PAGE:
A spokesman for al Qaeda has told an Arabic-language newsmagazine that the terror group will try to use poisons to attack the United States, specifically threatening to contaminate the nation’s water supply.
Abu Mohammed al-Ablaj told the London-based al-Majallah magazine that “al Qaeda [does not rule out] using sarin gas and poisoning drinking water in U.S. and Western cities.”
“We will talk about [these weapons] then and the infidels will know what harms them. They spared no effort in their war on us in Afghanistan. … They should not therefore rule out the possibility that we will present them with our capabilities,” the magazine quotes al-Ablaj as saying in an e-mail interview last week.
The interview was published in the latest edition of al-Majallah, dated Sunday.
Some U.S. officials play down the threat, but terrorism analysts point out that al-Ablaj had communicated with the magazine before the suicide attacks earlier this month in Saudi Arabia, warning that al Qaeda was about to stage a major offensive in the kingdom.
“The consensus seems to be — and I concur — that [al-Ablaj] is credible and does have a connection with al Qaeda,” Ben Venzke, a counterterrorism analyst who consults with U.S. government agencies, told United Press International.
“The statements he makes should be taken seriously, especially in light of his apparent prior knowledge of the Riyadh bombings,” Mr. Venzke said.
A U.S. intelligence official, who would not comment on al-Ablaj’s credibility, played down the threat to U.S. water supplies in an interview with UPI.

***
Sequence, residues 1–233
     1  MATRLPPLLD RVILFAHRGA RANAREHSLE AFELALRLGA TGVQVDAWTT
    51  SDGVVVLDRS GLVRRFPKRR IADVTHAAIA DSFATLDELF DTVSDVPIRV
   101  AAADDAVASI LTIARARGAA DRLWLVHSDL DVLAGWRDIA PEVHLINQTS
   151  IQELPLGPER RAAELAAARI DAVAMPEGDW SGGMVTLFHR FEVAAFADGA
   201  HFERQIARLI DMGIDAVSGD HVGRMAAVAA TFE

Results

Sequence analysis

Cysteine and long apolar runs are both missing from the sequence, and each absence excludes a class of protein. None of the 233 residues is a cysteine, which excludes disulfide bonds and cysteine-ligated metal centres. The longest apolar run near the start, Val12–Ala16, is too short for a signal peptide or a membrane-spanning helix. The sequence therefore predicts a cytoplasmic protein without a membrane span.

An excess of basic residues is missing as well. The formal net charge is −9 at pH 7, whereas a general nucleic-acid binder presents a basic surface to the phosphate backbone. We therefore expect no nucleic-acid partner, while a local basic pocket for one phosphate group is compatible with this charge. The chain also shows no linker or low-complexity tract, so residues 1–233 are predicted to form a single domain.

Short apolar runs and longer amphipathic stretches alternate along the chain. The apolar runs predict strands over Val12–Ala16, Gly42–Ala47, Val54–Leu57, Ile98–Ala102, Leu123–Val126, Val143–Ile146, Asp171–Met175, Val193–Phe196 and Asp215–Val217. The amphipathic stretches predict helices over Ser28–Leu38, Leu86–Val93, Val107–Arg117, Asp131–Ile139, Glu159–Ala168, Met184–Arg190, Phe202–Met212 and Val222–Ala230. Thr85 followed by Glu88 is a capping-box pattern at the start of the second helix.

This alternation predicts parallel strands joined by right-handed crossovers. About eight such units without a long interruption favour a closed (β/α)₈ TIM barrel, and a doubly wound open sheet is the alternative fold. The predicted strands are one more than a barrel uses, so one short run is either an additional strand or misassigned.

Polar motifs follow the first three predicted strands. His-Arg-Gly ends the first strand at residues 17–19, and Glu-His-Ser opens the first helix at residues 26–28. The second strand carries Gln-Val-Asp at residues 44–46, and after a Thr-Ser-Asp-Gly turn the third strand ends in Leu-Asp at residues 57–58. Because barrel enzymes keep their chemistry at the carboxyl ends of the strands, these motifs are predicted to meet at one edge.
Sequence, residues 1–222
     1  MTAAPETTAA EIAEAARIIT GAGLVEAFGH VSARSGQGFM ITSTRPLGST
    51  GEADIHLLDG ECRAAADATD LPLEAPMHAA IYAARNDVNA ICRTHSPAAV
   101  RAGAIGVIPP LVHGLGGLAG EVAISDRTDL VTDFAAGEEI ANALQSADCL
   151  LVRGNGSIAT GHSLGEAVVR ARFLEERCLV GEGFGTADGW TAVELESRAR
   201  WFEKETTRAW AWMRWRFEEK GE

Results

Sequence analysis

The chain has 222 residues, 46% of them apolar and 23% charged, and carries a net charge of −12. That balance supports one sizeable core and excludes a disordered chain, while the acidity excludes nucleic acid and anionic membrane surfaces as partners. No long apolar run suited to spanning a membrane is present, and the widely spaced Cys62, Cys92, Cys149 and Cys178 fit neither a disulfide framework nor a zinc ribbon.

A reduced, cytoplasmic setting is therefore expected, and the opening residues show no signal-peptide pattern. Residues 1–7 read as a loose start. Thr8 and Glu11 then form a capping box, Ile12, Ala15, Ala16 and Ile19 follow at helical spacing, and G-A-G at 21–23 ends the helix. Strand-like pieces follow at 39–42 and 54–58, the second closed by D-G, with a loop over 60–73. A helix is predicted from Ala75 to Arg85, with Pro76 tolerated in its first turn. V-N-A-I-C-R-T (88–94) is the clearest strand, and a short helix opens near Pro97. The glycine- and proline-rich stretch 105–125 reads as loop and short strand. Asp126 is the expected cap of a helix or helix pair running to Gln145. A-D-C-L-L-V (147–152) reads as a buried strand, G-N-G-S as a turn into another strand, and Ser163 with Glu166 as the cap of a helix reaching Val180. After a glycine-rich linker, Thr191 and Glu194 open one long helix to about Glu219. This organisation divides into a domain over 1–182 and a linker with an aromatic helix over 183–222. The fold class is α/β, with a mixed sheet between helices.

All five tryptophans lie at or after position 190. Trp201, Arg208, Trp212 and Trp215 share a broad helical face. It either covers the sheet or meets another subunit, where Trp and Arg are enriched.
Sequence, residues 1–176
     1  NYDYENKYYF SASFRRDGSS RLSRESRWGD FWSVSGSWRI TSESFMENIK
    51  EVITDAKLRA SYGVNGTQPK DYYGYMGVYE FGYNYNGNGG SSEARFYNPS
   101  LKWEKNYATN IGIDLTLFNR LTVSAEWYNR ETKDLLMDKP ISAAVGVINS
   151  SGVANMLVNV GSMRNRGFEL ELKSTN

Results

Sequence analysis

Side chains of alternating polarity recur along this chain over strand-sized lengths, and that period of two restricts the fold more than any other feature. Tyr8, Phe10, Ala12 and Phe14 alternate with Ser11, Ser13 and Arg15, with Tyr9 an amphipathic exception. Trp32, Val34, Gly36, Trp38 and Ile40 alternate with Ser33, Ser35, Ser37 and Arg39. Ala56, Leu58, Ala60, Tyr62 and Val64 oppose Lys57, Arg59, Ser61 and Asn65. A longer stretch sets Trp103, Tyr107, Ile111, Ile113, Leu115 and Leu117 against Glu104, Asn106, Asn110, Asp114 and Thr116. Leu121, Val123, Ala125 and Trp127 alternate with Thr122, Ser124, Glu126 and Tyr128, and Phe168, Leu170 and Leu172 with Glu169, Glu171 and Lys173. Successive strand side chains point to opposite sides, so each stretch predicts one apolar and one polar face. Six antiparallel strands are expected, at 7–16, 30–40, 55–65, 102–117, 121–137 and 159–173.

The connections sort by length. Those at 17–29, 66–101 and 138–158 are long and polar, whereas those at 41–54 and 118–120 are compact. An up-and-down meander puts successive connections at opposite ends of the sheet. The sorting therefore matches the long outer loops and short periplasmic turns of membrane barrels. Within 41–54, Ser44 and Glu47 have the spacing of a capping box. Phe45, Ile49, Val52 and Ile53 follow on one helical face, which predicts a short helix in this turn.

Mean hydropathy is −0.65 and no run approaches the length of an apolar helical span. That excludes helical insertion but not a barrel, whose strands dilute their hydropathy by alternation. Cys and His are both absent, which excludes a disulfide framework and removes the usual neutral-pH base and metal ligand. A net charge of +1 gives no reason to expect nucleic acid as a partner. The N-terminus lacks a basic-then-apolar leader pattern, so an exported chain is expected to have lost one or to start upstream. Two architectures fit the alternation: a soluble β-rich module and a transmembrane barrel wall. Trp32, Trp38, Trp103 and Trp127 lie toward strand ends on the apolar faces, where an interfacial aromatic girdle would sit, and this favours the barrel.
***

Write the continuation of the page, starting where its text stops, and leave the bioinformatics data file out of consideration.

“It is very difficult to covertly poison a reservoir,” the official said on the condition of anonymity. “It would take many truckloads of poison, which would make it difficult to do secretly. That is not really a viable threat.”
Al-Ablaj, who describes himself as the commander of al Qaeda’s “mujahideen training center,” first contacted al-Majallah in March, the magazine said.
A U.S. government translation of a recent article says that al-Ablaj sent the magazine an e-mail April 7, declaring that Osama bin Laden’s terrorists “had completed their preparations to carry out a massive action targeting the [Saudi] regime … and that this action would be implemented within one month or less.”
The magazine “opted not to publish its contents in order to check its validity,” the translation continues.
On May 10, two days before the series of coordinated suicide attacks in Riyadh killed 34 persons, including eight Americans, he e-mailed the magazine again. In the interim, Saudi authorities had broken up a cell of 19 al Qaeda suspects.
The plan “was not affected by the Saudi security services’ success,” the magazine reported him as saying.
“He said the plan is proceeding,” the magazine said in a report published less than 24 hours after the attacks, “without any significant changes and [he] pointed out that the time is getting closer day by day to prove the validity of what he is saying.”
Mr. Venzke said that “beyond his communications to al-Majallah, al-Ablaj is an unknown quantity. But his blip on the radar screen got a lot bigger after that.”
“The threat and the tone is consistent with other messages from al Qaeda, and we believe that the communication channel is credible,” he added.
The U.S. intelligence official also played down threats to even a single building.
“It’s more feasible if they try to poison a specific building,” the official said. “But even then, the volume of water already going through the system would dilute whatever was introduced. It would be very difficult to kill anyone. What would happen would be that people would get sick, which would cause panic.”
An FBI bulletin early last year, cited in Mr. Venzke’s book, “The al-Qaeda Threat” stated that “U.S. law enforcement and intelligence agencies have learned that al Qaeda members … specifically sought information on water supply and wastewater management practices in the United States and abroad.”